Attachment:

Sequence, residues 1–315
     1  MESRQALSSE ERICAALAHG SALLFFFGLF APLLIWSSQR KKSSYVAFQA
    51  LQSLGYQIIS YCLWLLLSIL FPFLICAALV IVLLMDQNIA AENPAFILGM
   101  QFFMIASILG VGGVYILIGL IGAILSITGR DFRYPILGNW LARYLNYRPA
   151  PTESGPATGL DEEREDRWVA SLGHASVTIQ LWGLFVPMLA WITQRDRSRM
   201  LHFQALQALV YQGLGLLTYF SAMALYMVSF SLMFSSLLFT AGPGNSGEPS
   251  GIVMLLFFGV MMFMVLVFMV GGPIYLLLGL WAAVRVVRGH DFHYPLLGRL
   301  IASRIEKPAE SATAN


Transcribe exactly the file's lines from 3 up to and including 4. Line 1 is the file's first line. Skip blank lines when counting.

    51  LQSLGYQIIS YCLWLLLSIL FPFLICAALV IVLLMDQNIA AENPAFILGM
   101  QFFMIASILG VGGVYILIGL IGAILSITGR DFRYPILGNW LARYLNYRPA